When you think about tetanus infection, your mind may immediately go to rusty nails. While stepping on a rusted piece of metal certainly increases your risk of developing a potentially catastrophic tetanus infection, rust and metal are not necessary components.
According to the Centers for Disease Control and Prevention, tetanus infection happens after a particular type of spores enters the human body. These spores are present virtually everywhere in the environment, including soil and dust.
Where can you encounter the spores?
Clostridium tetani spores often settle into the soil. Therefore, if you have a dirty wound, the spores may enter your body and turn into bacteria. In a car accident, though, clostridium tetani spores may work their way into your system through any of the following types of trauma:
- Puncture wounds
- Crush injuries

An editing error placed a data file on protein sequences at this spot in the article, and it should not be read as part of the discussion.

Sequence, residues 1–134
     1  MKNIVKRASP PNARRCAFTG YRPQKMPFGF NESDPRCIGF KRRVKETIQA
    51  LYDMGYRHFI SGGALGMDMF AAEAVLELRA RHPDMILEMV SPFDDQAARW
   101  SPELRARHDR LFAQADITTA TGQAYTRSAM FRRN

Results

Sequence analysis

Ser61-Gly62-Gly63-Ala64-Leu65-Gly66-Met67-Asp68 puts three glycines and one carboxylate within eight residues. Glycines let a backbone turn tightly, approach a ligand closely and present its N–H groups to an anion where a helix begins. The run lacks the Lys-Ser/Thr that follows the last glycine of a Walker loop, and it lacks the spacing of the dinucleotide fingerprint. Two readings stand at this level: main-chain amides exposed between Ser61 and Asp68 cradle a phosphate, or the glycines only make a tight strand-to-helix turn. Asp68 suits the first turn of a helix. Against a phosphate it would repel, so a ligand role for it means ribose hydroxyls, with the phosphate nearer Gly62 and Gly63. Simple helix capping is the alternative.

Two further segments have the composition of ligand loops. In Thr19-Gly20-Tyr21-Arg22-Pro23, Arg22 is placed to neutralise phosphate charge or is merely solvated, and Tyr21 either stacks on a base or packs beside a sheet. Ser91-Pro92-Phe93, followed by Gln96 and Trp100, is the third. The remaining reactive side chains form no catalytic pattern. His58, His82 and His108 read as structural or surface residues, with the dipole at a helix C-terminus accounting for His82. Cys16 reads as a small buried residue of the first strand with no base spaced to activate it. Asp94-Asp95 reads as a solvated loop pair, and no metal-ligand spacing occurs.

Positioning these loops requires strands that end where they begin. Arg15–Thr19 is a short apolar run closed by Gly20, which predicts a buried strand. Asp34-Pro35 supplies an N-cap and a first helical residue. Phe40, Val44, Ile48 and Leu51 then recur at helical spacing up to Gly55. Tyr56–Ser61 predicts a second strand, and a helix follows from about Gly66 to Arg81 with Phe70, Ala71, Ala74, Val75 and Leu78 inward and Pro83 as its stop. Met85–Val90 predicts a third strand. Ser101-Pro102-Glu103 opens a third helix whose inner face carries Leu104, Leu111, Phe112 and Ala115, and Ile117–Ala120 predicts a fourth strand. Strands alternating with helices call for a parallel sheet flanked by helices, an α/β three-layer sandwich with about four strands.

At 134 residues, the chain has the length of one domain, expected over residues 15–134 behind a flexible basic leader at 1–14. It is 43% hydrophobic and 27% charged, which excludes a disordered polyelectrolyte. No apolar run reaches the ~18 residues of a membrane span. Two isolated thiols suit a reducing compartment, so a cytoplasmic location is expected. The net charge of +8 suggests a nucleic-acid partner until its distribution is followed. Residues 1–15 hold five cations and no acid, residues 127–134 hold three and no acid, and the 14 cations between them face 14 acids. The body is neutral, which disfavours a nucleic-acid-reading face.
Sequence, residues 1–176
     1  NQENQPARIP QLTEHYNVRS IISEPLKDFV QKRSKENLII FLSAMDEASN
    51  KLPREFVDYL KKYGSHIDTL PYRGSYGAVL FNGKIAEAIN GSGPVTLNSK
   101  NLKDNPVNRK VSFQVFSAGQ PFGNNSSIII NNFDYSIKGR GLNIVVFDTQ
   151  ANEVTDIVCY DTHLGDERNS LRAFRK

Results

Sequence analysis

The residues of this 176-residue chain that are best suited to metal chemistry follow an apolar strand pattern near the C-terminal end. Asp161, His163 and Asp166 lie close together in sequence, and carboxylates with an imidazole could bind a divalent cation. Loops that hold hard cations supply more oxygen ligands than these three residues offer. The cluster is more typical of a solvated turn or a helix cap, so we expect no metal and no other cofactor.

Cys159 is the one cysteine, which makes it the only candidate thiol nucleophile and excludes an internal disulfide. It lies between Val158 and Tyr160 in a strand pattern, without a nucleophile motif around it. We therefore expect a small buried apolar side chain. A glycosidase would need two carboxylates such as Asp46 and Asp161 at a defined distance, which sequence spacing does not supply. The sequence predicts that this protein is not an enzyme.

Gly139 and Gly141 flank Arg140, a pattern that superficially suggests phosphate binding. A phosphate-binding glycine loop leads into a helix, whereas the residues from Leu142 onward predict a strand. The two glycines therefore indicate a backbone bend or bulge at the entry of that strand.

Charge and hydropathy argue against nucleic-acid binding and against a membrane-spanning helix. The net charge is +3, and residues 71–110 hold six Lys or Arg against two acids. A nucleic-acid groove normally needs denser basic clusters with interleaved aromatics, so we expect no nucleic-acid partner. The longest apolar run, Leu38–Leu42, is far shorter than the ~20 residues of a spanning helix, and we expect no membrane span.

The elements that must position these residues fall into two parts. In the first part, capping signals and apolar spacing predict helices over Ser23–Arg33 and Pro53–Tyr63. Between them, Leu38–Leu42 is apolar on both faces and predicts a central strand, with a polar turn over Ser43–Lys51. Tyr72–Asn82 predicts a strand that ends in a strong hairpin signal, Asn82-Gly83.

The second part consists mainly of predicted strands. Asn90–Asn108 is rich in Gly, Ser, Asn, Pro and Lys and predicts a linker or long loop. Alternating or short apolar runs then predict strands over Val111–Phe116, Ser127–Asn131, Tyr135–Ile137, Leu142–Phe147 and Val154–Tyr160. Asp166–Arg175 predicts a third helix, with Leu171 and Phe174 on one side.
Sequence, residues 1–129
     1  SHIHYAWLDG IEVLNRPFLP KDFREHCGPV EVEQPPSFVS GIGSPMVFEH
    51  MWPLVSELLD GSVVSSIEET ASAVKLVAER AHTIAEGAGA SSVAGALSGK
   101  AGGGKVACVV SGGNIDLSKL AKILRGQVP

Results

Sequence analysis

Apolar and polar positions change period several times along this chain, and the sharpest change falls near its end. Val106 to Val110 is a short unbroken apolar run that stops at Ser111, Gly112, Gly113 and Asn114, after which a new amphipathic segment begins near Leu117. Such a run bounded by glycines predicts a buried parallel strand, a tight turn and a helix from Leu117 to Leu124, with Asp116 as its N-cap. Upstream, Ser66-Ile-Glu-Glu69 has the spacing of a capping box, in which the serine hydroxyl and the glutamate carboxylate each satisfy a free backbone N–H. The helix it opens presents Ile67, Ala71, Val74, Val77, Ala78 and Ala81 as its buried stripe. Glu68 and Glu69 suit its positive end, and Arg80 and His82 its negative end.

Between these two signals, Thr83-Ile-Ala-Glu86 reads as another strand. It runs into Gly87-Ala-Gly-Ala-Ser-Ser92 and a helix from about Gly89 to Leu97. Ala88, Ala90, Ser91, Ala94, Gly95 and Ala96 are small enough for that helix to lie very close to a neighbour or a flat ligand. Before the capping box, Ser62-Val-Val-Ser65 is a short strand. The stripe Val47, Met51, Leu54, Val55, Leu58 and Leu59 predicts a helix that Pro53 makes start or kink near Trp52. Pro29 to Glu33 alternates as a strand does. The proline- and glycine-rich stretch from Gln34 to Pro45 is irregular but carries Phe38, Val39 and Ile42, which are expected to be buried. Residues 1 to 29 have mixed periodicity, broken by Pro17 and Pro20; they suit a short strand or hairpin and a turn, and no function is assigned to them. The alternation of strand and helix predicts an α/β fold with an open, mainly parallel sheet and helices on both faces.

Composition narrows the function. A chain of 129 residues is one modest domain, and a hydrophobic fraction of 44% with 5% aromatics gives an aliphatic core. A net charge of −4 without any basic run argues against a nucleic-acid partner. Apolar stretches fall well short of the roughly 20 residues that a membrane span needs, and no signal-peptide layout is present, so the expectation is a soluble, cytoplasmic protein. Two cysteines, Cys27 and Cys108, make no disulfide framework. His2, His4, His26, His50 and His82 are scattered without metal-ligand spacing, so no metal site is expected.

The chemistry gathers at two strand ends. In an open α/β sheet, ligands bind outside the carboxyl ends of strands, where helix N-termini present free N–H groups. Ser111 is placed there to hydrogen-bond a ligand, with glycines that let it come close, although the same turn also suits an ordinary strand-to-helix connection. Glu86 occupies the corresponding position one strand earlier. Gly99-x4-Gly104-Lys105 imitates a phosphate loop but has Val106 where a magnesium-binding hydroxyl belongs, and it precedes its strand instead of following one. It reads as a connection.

When should you see a doctor?
You do not want to take a possible tetanus infection lightly. After all, tetanus can lead to serious complications, including life-altering injuries and even death. While it makes a great deal of sense to go to the emergency room for a full evaluation after any car accident, you should go there immediately if you have any of these symptoms:
- Stiff muscles
- Tight jaw
- Fever, sweating or chills
- Swallowing difficulties
How do doctors treat tetanus infection?
Fortunately, if doctors catch your tetanus infection promptly, you are likely to have a decent prognosis. If you have broken skin or any other wound from a car accident, your physician may recommend a tetanus vaccine or booster. In-patient immunoglobin therapy also may be necessary, especially if you have a serious infection.
Ultimately, even though obtaining immediate medical care may seem too expensive, you can probably pursue financial compensation for your accident-related injuries and any associated infections.